Those are some pretty remarkable verses to which we are going to give almost no attention this morning.  They have been intensely debated and represent what is perhaps the sharpest line of division between Catholics and Protestants.  The only point I want to make about them now is that the disciples—or at least Peter—had demonstrated they had a depth of understanding that showed they had been paying attention over the past several months.  They demonstrated they got it and Jesus praised them for it.  They were ready for Him to reveal a bit more about exactly what it meant that He was the Messiah…or so it seemed until Jesus actually started talking.

Have you ever experienced something like this?  You learn enough about something that you are ready to get to the next level of whatever it is only to get there and feel like you weren’t really prepared at all.  I remember my first college chemistry course—Quantitative Analysis.  In theory it took everything I had spent the previous two years learning and applied it forward, but all through that first semester I struggled with what felt like sticker shock.  I must have driven my professor, Dr. Lamp, crazy with all the time I spent in his office having him explain some concept to me for the twelfth time.  The disciples had finally gotten their minds around the fact that this guy they’d been following around for several months may actually be God’s promised Messiah.  They’d arrived!  And then the door opened to a whole new world that was well beyond their ability to process it.

You see, all their lives they’d been taught to think about the Messiah in certain terms.  He was going to come in power and glory.  Jesus hadn’t really done that, but the miracles He was doing certainly were helping to pick up the slack.  He was going to be a military leader.  He was going to lead a political and military overthrow of whoever happened to be currently oppressing the people of Israel.  That had been Rome since before any of the disciples’ grandparents were born.  Most of all, though, the Messiah wasn’t going to die.  I mean, how could He?  If He was the guy who was supposed to lead Israel to the glory they had known under David and Solomon, then dying along the way had to be totally out of the question.  A dead guy can’t lead you very well.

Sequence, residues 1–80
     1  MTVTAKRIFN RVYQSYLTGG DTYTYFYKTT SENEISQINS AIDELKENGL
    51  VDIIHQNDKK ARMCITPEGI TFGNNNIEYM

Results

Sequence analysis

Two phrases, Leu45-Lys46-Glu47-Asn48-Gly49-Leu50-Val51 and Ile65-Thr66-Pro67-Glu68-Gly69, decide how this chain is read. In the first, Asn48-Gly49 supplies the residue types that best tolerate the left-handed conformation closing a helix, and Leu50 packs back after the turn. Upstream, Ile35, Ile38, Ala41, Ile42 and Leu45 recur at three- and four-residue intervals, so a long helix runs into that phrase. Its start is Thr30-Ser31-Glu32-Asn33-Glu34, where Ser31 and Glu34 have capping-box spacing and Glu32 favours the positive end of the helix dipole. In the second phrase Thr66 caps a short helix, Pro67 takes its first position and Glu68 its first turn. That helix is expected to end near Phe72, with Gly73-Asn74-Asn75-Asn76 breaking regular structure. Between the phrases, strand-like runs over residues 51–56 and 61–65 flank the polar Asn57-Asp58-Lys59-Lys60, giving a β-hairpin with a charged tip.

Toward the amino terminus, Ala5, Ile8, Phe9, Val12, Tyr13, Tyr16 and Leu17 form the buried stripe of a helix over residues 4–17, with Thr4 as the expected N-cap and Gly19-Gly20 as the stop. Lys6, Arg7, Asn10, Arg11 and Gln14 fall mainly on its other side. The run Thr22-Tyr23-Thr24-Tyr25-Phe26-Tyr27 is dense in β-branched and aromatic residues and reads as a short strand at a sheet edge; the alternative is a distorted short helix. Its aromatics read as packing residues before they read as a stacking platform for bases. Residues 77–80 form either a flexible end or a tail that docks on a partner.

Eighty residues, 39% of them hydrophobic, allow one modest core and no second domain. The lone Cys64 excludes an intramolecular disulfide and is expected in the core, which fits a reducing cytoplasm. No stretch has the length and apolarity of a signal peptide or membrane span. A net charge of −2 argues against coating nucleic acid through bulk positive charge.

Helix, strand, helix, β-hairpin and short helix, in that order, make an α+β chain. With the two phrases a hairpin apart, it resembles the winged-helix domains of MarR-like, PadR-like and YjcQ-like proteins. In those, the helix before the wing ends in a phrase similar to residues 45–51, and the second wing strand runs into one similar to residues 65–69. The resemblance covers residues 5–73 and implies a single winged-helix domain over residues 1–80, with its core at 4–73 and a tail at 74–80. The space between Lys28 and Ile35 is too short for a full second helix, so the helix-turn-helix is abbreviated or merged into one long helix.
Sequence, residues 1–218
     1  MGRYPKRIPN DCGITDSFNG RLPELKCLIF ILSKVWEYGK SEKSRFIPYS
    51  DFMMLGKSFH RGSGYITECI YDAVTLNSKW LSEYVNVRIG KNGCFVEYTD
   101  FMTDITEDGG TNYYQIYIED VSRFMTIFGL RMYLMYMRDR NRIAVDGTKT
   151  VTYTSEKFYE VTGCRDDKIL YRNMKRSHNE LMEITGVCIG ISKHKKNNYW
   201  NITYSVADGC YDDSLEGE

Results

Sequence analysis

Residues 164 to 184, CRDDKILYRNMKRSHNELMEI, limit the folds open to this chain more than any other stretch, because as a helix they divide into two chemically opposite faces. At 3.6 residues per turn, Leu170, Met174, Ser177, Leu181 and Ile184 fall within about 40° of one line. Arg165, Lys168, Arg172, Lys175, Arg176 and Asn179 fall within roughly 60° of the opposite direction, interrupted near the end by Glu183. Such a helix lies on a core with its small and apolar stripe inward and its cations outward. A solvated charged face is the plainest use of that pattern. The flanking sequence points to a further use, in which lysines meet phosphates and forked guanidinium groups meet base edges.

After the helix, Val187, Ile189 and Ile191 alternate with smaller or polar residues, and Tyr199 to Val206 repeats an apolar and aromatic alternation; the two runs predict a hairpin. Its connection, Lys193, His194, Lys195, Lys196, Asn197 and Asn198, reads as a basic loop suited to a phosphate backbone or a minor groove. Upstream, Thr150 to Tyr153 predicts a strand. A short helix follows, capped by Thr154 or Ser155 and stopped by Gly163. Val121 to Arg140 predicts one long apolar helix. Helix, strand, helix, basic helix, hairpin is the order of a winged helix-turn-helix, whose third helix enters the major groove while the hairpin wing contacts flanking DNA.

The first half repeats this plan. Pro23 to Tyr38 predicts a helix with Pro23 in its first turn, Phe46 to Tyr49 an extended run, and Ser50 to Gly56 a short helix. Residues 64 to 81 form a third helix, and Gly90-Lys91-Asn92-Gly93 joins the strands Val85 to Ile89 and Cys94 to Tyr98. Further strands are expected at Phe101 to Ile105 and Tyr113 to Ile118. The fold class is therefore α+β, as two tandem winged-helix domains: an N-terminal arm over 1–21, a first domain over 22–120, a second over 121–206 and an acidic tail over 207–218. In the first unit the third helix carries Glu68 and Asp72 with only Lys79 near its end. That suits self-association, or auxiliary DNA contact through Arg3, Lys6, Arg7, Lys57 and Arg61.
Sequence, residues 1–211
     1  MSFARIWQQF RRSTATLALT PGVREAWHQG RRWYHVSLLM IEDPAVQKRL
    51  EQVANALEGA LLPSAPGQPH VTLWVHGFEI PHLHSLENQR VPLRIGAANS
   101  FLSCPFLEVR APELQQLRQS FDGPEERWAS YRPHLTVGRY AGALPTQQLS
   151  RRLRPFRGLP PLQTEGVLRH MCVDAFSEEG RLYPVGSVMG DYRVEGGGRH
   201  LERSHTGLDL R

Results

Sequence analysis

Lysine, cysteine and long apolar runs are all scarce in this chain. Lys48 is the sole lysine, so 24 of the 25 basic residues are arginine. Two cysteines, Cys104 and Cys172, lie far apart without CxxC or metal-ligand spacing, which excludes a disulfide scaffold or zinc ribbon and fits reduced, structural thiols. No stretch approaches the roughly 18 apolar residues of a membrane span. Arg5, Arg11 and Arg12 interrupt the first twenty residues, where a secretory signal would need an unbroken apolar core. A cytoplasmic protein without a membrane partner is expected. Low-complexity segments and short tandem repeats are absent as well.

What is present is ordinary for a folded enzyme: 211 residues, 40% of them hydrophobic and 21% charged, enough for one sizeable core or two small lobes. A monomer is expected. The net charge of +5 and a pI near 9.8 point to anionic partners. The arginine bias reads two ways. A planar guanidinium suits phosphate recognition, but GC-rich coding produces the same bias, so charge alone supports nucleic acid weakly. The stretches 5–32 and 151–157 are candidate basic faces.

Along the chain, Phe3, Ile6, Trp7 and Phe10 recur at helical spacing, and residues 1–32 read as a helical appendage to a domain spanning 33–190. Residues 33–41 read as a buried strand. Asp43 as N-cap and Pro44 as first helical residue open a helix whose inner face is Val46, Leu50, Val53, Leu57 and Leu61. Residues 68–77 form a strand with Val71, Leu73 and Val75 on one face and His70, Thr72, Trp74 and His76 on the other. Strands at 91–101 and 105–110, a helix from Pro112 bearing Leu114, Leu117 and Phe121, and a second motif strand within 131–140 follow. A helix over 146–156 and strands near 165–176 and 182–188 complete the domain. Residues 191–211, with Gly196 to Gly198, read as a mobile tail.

With all of that in mind, put yourself in their shoes and listen to what Jesus said next: “From that time Jesus began to show his disciples that he must go to Jerusalem and suffer many things from the elders and chief priests and scribes, and be killed, and on the third day be raised.”  What’s going through your mind as you hear this?  It would be a little like someone coming along, getting you to trust them, and then explaining that up is really down and down is really up.  It wouldn’t compute.  It wouldn’t compute, and you would probably get angry.  Remember the scene from The Santa Clause 2 when Tim Allen’s Santa is trying to woo Elizabeth Mitchell’s, Carol, and after gaining her trust, begins to explain his real identity to her.  She brought their evening to a sudden and screeching halt and kicked him out.

Peter was Carol.  Look at v. 22: “And Peter took him aside and began to rebuke him, saying, “Far be it from you, Lord!  This shall never happen to you.”  Do you hear what he’s really saying here?  “Jesus, I just confessed that you are the Messiah and you confirmed my confession.  The Messiah is not supposed to die.  If you really are the Messiah, you aren’t going to die.  That’s not how it’s supposed to work!”  Rather than gently helping to correct Peter’s fundamental misunderstanding of the nature of God’s Messiah, Jesus called him out right there in front of all the guys.  Verse 23 now: “But he turned and said to Peter, “Get behind me, Satan!  You are a hindrance to me.  For you are not setting your mind on the things of God, but on the things of man.”  Now, perhaps that seems a little harsh, but if you think about it, Jesus is right.  Peter was trying to call Jesus to receive the same cross-less kingdom that Satan had in the wilderness.